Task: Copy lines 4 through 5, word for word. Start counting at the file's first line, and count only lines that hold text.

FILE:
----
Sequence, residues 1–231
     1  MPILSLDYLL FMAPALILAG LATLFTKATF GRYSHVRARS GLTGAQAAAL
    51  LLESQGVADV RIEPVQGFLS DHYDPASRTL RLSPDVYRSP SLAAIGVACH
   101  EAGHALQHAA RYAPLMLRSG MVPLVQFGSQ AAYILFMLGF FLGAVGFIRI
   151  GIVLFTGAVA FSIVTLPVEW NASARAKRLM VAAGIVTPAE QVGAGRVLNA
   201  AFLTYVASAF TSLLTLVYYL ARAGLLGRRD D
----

   101  EAGHALQHAA RYAPLMLRSG MVPLVQFGSQ AAYILFMLGF FLGAVGFIRI
   151  GIVLFTGAVA FSIVTLPVEW NASARAKRLM VAAGIVTPAE QVGAGRVLNA